cover image The Hangman and His Wife: The Life and Death of Reinhard Heydrich

The Hangman and His Wife: The Life and Death of Reinhard Heydrich

Nancy Dougherty. Knopf, $35 (704p) ISBN 978-0-394-54341-3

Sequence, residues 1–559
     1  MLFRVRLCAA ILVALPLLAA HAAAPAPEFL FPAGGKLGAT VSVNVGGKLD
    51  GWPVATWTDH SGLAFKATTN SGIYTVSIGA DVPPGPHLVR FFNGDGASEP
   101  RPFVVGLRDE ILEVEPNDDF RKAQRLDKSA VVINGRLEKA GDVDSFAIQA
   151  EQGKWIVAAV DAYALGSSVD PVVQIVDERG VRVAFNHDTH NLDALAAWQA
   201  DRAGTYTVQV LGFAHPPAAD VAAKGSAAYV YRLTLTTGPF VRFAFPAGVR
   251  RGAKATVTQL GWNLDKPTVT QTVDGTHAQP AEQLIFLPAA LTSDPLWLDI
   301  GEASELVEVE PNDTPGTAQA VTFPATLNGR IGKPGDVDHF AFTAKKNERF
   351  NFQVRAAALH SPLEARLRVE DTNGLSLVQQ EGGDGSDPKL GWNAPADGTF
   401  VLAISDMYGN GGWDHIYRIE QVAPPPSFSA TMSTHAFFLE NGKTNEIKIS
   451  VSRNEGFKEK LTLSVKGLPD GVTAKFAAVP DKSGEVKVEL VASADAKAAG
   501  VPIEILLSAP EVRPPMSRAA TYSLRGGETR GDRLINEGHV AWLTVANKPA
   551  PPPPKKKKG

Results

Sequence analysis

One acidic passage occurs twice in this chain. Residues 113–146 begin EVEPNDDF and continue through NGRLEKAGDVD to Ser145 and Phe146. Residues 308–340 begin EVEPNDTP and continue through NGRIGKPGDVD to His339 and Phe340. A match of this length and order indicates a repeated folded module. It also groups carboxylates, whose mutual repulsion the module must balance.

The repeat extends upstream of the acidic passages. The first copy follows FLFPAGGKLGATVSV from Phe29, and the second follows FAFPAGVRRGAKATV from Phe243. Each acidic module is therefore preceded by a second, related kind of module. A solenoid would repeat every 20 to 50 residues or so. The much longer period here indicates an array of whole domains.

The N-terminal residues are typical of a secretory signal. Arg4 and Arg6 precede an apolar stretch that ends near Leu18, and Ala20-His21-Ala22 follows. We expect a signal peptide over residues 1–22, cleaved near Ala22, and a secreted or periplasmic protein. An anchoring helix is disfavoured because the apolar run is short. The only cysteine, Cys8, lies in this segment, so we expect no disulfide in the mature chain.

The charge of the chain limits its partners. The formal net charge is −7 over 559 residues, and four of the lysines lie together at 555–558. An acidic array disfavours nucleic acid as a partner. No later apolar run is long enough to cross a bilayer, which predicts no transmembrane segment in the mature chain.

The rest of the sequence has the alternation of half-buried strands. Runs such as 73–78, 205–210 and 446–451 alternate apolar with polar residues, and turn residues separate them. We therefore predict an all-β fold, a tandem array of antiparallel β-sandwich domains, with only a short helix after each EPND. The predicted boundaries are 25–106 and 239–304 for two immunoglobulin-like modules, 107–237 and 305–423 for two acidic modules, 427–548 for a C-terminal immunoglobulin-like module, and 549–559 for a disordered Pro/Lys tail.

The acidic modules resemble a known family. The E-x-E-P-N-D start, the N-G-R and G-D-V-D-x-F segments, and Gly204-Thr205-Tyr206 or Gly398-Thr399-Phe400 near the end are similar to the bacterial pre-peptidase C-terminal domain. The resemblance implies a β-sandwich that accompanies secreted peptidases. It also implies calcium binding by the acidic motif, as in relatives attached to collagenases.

The hollowed-out soul of one of Nazi Germany’s worst criminals is explored through his wife’s recollections in this searching biography. Dougherty, a biographer and film critic who died in 2013, examines Heydrich’s rise through the S.S. to become head of the Gestapo and other intelligence agencies (he even ran one of Berlin’s swankiest brothels, staffed with amateur spies); his control of the Einsatzgruppen death squads that murdered hundreds of thousands of Jews; and his assassination by Czech resistance agents in 1942. She portrays him as the quintessential Nazi: tall, vigorous, “a wolf in a fancy uniform” with a “luciferous” knack for intimidation. Extensive interviews with Heydrich’s wife Lina, who died in 1985, offer an alternate version of the man as a striving careerist with little involvement in the Final Solution; Dougherty demonstrates how delusional that sketch is, but Lina’s viewpoint suggests how denial and wishful thinking distracted Germans from the Nazis’ crimes. Dougherty vividly dissects the murderous intrigues roiling Nazi bureaucracies—Heydrich poisoned an assistant’s drink and withheld the antidote until the man explained his suspicious relationship with Lina—and the crooked path of opportunism, brutalization, and warped Nazi idealism that led Hitler’s minions to a policy of extermination. The result is a chilling, revelatory case study of the moral corruption of the Third Reich. Photos. (Apr.)